The project’s main backer was inspired to recreate the world’s most infamous cruise liner by the 1997 box office hit of the same name — once the world’s top-grossing film and wildly popular in China.
The original luxury vessel, the largest of its time and branded “unsinkable” by its owners, has become a byword for hubris ever since it plunged into the depths of the Atlantic in 1912 after striking an iceberg, leaving more than 1,500 people dead.
Investor Su Shaojun says he was motivated to finance the audacious, 260-meter-long (850-foot-long) duplicate to keep memories of the Titanic alive.
“I hope this ship will be here in 100 or 200 years,” Su said.
“We are building a museum for the Titanic.”
It has taken six years — longer than the construction of the original Titanic — plus 23,000 tons of steel, more than a hundred workers and a hefty one billion yuan ($153.5 million) price tag.
Everything from the dining room to the luxury cabins and even the door handles are styled on the original Titanic.
It forms the centerpiece of a Sichuan province theme park more than 1,000 kilometers (620 miles) from the sea.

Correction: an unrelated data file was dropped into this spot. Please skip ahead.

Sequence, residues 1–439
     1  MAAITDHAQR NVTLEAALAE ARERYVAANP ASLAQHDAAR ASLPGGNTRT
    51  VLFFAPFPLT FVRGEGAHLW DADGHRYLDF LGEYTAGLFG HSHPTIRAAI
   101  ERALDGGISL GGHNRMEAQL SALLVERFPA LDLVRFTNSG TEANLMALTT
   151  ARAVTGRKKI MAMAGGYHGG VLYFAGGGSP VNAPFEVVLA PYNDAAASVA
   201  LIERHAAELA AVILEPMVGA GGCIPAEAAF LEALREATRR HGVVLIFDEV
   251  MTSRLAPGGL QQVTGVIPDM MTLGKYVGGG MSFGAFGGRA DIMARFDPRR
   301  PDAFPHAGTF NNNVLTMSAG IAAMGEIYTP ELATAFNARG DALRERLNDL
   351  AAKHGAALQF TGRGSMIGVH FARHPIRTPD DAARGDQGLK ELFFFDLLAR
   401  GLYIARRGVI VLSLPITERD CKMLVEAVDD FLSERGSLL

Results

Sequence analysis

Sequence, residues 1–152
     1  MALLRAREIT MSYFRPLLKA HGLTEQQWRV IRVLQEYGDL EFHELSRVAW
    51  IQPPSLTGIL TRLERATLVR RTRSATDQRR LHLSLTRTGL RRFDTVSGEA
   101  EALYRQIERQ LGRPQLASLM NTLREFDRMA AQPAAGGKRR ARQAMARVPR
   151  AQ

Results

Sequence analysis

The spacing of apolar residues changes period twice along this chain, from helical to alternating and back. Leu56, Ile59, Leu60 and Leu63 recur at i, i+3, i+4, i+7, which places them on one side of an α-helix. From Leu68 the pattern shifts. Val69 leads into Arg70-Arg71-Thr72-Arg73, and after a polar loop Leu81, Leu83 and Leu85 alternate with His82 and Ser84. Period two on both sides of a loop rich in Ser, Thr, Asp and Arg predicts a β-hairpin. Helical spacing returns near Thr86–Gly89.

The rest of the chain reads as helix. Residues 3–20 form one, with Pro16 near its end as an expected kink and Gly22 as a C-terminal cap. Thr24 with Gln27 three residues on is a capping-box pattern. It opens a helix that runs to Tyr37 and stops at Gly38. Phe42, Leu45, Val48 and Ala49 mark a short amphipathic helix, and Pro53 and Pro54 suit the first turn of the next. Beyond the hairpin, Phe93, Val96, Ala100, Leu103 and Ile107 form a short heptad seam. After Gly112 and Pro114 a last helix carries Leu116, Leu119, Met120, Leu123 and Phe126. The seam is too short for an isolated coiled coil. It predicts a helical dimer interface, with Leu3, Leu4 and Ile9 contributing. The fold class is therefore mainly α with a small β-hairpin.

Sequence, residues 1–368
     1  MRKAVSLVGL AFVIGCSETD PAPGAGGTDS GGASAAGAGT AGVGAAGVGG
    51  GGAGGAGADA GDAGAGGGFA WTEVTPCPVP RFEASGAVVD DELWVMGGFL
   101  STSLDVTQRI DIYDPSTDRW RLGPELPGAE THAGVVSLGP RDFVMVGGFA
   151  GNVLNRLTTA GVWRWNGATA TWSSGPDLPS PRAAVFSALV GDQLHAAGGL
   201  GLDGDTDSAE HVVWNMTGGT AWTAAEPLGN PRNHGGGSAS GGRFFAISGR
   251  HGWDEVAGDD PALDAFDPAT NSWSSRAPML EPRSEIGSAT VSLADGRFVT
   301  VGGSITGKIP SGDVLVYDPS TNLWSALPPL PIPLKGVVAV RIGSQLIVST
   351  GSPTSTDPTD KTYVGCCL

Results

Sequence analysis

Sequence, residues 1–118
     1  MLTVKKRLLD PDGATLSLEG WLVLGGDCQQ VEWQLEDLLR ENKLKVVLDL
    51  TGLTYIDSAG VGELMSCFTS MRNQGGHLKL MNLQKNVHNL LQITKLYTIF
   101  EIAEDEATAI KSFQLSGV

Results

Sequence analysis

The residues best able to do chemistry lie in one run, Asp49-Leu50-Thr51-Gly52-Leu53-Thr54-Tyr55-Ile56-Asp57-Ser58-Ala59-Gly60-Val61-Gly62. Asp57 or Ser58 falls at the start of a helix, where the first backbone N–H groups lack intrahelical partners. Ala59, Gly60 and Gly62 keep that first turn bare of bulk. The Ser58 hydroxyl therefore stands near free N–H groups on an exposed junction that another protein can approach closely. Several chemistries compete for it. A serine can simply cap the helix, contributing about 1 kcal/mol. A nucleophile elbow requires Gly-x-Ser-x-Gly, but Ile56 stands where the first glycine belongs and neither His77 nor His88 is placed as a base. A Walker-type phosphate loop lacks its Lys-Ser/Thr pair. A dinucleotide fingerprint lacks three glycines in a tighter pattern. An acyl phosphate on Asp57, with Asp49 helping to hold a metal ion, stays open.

The site features a replica of Southampton Port seen in James Cameron’s 1997 disaster epic, where Leonardo DiCaprio’s fictional character Jack swings on board after winning his ticket in a bet.
Tour buses play the film’s theme tune, Celine Dion’s “My Heart Will Go On,” on repeat.
It costs up to 2,000 yuan (around $150) to spend one night on the ship for the “five-star cruise service,” Su says, adding that with a functioning steam engine guests will feel that they are really at sea.
He was so excited by the challenge that he sold his energy industry assets, including a stake in several hydropower projects, to invest in the Titanic.